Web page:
As expected, the drop in spending was mostly concentrated in the transportation, apparel, hotel, and food service sectors. Grocery and food spending rose in 2020.
While job losses continues to be a concern, the Northern Virginia region is above the national average. Chapman says this is due to “mostly being a knowledge services economy and can send a bulk of workers home [to telework].” A big chunk of the job losses, as expected, are in the leisure and hospitality sector, accounting for nearly a third from November 2019 to November 2020.
“Leisure and hospitality jobs tend to have lower wage scales,” says Chapman. “Those jobs are hardest hit.”
In general, says Chapman, the losses regionally are skewed toward lower wage jobs. However, because this recession is due to a health crisis, Chapman says we can expect a near full recovery by 2022 due to the widespread availability of a vaccine.
Arlington’s small businesses, particularly those dependent on in-person interaction, are also being significantly impacted.
Telly Tucker, director of Arlington Economic Development, said that any business with fewer than 50 employees is defined as a “small business.” This encompasses about 90%, or 6,000, of the county’s businesses.
Arlington’s small business emergency grant provided nearly 400 businesses with a combined $2.7 million. More than half of those businesses were woman and/or minority-owned.
As for bigger businesses, Tucker also spoke about how office building vacancy rates actually were decreasing going into 2020 from a high of over 20% in 2015.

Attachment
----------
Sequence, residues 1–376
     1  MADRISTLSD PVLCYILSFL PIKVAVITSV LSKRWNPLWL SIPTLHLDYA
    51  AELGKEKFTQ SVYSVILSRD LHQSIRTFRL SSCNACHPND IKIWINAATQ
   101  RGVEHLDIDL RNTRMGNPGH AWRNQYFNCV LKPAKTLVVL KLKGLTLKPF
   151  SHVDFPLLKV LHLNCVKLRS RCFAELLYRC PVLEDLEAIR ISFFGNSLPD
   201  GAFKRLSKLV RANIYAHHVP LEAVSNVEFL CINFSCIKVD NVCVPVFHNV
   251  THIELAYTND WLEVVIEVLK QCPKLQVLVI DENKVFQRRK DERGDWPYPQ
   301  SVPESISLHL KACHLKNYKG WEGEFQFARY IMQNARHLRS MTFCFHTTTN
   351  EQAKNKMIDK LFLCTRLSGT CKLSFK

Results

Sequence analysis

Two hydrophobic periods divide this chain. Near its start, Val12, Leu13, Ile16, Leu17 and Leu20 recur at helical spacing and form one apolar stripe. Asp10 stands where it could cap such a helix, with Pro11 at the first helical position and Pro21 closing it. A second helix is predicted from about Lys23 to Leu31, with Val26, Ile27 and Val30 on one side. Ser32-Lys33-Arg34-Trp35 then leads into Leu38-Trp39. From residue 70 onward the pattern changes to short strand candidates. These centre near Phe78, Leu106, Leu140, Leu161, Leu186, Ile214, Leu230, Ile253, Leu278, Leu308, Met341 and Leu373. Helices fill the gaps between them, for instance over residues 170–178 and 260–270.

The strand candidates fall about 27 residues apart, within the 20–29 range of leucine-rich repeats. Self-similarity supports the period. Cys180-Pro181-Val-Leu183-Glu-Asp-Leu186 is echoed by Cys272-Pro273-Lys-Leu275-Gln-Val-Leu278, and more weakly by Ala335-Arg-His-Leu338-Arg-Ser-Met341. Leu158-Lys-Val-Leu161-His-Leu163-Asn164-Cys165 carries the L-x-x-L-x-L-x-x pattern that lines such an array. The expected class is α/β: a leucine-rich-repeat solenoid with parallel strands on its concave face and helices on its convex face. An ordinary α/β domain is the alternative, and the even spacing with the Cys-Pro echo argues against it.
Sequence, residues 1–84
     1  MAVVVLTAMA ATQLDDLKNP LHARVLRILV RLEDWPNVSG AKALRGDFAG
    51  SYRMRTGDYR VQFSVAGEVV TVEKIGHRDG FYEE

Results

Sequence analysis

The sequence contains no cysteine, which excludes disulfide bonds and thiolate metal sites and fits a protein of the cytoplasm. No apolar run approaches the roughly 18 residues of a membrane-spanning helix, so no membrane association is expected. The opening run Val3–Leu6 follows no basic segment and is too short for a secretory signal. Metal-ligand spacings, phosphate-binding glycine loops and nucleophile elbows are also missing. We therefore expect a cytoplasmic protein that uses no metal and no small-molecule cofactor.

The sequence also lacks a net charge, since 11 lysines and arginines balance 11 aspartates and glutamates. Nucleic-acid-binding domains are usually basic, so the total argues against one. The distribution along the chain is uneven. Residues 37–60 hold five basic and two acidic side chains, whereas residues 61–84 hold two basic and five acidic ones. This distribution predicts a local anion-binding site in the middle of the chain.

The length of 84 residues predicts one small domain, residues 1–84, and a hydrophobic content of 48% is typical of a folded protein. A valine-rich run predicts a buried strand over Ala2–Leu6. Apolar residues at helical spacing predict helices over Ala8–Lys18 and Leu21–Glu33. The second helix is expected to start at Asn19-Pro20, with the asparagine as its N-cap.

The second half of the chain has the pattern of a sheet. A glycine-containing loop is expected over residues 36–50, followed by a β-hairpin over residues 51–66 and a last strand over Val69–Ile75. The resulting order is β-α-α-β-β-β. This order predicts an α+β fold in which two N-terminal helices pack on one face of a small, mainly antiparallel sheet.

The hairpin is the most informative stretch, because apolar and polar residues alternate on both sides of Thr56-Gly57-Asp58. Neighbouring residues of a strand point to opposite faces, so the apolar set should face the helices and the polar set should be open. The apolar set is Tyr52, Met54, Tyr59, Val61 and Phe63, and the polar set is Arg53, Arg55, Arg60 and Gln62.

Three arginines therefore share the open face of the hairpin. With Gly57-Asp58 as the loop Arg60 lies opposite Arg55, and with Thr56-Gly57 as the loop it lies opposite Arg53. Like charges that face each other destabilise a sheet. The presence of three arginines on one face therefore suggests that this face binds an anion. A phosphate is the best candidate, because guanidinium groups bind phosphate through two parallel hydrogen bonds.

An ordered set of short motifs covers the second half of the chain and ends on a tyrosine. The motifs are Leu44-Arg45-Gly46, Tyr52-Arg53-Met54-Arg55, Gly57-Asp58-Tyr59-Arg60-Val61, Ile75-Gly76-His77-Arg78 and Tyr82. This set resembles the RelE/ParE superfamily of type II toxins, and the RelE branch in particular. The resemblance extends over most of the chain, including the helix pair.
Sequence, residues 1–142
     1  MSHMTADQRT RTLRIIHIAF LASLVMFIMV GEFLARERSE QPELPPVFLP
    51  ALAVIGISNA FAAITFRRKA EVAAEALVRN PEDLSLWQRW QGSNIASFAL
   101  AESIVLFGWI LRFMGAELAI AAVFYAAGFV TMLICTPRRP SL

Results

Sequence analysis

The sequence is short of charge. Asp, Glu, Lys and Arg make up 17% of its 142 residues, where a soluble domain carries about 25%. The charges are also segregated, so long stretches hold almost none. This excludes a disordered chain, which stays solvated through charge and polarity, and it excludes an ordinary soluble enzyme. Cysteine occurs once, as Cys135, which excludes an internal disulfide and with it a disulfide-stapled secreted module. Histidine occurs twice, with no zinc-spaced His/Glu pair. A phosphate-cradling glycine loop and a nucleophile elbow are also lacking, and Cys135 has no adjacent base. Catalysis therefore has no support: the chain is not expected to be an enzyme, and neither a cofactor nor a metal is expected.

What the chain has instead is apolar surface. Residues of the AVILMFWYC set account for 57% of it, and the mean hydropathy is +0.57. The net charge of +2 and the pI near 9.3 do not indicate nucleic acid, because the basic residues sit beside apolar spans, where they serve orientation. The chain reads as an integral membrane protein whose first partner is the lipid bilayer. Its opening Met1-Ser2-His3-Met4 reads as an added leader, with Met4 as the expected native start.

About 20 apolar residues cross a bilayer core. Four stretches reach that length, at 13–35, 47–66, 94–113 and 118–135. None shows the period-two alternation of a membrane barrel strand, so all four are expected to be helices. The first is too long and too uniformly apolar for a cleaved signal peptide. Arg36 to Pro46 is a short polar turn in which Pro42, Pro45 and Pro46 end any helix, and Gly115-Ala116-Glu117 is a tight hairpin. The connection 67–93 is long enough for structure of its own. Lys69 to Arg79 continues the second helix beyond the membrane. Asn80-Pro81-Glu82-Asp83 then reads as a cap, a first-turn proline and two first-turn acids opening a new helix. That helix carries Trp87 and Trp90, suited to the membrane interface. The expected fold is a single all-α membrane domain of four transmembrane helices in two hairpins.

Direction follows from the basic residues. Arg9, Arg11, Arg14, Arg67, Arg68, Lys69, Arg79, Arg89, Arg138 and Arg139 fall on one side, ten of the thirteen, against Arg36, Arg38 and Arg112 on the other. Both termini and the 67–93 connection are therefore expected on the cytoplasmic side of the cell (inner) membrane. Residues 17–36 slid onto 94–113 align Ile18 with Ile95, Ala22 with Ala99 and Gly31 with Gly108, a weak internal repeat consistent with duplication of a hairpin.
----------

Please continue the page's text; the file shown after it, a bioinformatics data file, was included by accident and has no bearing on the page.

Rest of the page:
While the vacancy rate has since risen and now sits at 16.3%, that remains below the office vacancy rates of the mid-2010s. Commercial real estate like office buildings are a major source of tax revenue for the county, Tucker noted.
What’s more, a number of large, multinational companies have made a home in Arlington over the last five years. This includes Microsoft, which made the announcement just last week that it would have a significant presence in Rosslyn.
The Arlington housing market, meanwhile, is doing well. Homes are typically selling for between 3% to 5% over listing price, noted Tucker, which is a positive sign.
Longtime Arlington residents who founded a Rosslyn-based online university are donating $50,000 to help local small businesses.
In 1998, Yanping Chen and J. Davidson Frame established the University of Management and Technology, a fully online school enrolling national and international students, located at 1901 Fort Myer Drive. Their $50,000 donation comes from the Chen Frame Foundation, which they started to support educational causes across the world.
But now, they are thinking closer to home.
“COVID-19 brought to mind that we’re not focused enough on our own backyard,” Frame said.
Arlington Economic Development will use the money to help pay for new initiatives, such as educational programming and online services, to help small businesses through the pandemic.
Together with a second round of Paycheck Protection Program funding, AED is expecting about $250,000 in new funding for its pandemic-focused programs, AED Director Telly Tucker said. The department will release more information on the new efforts the money will be funding in the next few weeks, he said.
Arlington County has about 6,000 enterprises that employ fewer than 50 people, which is AED’s definition of a small business, Tucker said.
Pre-pandemic, about three staff members from AED handled outreach to these small businesses. When businesses were forced to shut down or change their operations, the three-person staff was swamped with questions on everything from how to apply for federal assistance programs to how to set up temporary outdoor seating areas to how to keep employees safe.